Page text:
Newsday has had many articles on the opiate pill and heroin epidemic on Long Island ["Law would give addicts best chance at recovery," Editorial, March 10].
I am a mother of an addict in a treatment program. I appreciate the articles on how heroin works. I also learned through Newsday how heroin is infiltrating Long Island without regard to wealth, friends or family structure.
However, I have not seen enough written about treatment centers, in-house rehab centers or hospitals. I would like to read the perspectives of the staff members of these institutions. Do the hospitals treat addicts as vagrants? Do they know how badly they are suffering? How do they treat overdose victims?
I also believe that more coverage would educate judges and lawyers. In my experience, they don't always understand addiction and the havoc it causes. Or if they do, they don't have the proper tools to help addicts.
Donna Daniels, Garden City
I am so sad after reading about more young people dying of a heroin overdose. I fought this terrible disease for three decades, and I know how heroin can wrap itself around you, smothering the life out of what was once a "normal" person.
Even though I am clean, I could relapse at any moment. I will be fighting this disease for the rest of my life. It is the hardest fight I have ever fought.
To anyone fighting this disease: Get help. If it doesn't work once, then do it again! There is no shame in relapse; it is part of recovery.
Alcoholics Anonymous and Narcotics Anonymous are wonderful programs that provide support and help.
Nancy Siragusa-Lebron, Selden
Rookie police prove bad shots
It's commendable that the two officers who just graduated from the police academy had such courage and straight thinking in pursuing two men who boarded a bus in Brooklyn without paying ["Farebeater shoots cop in leg," News, Feb. 27].
It's also a shame that between the two officers, neither could shoot straight enough in seven shots to hit the perpetrators. They are lucky. With all those bullets flying, innocent bystanders could have been injured or killed.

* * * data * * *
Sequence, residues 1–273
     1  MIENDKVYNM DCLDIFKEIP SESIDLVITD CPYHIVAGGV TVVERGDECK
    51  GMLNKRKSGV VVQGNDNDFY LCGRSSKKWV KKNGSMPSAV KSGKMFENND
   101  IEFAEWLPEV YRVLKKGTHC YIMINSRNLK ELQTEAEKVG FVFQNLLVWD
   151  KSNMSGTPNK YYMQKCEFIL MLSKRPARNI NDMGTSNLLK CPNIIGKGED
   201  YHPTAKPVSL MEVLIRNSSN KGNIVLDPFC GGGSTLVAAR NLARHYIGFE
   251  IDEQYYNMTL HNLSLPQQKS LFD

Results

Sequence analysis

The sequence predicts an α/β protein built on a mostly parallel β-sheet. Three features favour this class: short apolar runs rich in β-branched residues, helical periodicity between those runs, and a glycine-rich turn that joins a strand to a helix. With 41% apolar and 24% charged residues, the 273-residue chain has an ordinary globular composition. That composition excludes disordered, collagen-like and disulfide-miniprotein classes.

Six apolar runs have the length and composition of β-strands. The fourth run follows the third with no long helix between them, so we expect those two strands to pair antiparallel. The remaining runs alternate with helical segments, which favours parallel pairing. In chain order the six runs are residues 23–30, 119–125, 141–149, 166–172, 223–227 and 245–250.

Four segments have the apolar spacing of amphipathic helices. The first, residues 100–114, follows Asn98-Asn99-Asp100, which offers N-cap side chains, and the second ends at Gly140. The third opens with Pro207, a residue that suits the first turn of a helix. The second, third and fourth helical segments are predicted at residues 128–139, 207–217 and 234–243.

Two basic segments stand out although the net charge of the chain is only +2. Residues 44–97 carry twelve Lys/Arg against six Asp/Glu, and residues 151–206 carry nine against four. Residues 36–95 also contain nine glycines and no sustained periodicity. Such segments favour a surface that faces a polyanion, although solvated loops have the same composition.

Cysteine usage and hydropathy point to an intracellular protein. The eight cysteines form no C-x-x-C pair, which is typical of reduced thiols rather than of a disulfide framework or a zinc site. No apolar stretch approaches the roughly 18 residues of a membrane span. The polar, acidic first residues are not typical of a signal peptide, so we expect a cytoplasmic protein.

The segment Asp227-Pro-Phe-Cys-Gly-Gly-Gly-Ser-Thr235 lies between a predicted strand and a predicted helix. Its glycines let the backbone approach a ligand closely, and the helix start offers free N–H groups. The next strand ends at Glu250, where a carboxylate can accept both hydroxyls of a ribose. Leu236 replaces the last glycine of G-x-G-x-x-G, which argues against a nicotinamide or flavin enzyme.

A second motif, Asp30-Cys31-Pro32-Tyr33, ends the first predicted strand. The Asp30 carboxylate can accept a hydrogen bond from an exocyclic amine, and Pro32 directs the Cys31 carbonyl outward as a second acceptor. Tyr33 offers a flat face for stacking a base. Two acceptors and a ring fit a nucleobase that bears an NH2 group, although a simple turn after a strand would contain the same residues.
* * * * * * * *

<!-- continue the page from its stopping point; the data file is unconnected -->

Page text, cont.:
It is my recommendation, as it should be Commissioner William Bratton's and Mayor Bill de Blasio's, that these two officers go back to the shooting range to practice hitting targets on the first or second shot.
Alan Schneider, Woodhaven
Harsher penalties for illegal driving
Once again we read about a crash in which drug use and underage drinking were cited ["Ex-varsity star faces DWI, drug charges," News, March 5].
I ask Newsday to follow the alcohol trail. Police allege that the 20-year-old was able to get enough alcohol so that she was charged with driving while intoxicated, among other offenses. Where did she get it? Where did she consume it? And were those people held accountable?
If we want to have any real impact on this issue, we must hold all responsible parties accountable. This requires following the alcohol trail wherever -- and to whomever -- it leads.
Judi Vining, Long Beach
Editor's note: The writer is the executive director of the Long Beach Coalition to Prevent Underage Drinking.
Here we go again: A man was stopped for speeding, and it was discovered that his license had been repeatedly suspended ["License suspended 105 times," News, March 5].
What is the limit to suspensions before a judge realizes that this person should go to jail? How can drivers feel safe knowing another driver can possibly have 105 license suspensions and still be on the road?
A license suspension does not prevent a person from driving, but incarceration does. Our system allows people to escape the punishment they deserve.
We must make our state legislators aware that harsher penalties should be given instead of just license suspensions.
Sanford Schneider, Island Park
Autism responses often misunderstood
I applaud former Chief Judge Sol Wachtler for his op-ed, "We must stop criminalizing autism" [Opinion, March 3].
Autism is a developmental disability that can be misunderstood or misread as mental illness, in ordinary moments or in times of crisis. Better understanding of this disability by law enforcement is necessary to protect and serve a vulnerable population. This simply can't happen fast enough.
Individuals with autism are often misunderstood or misread. They often are verbally limited and don't make eye contact. Empowering police officers and others with a better understanding would help lift the veil of mystery that surrounds these people.
Bea Huste-Petersen, East Islip
Editor's note: The writer is the founder of EJ Autism Foundation, an education and fundraising organization.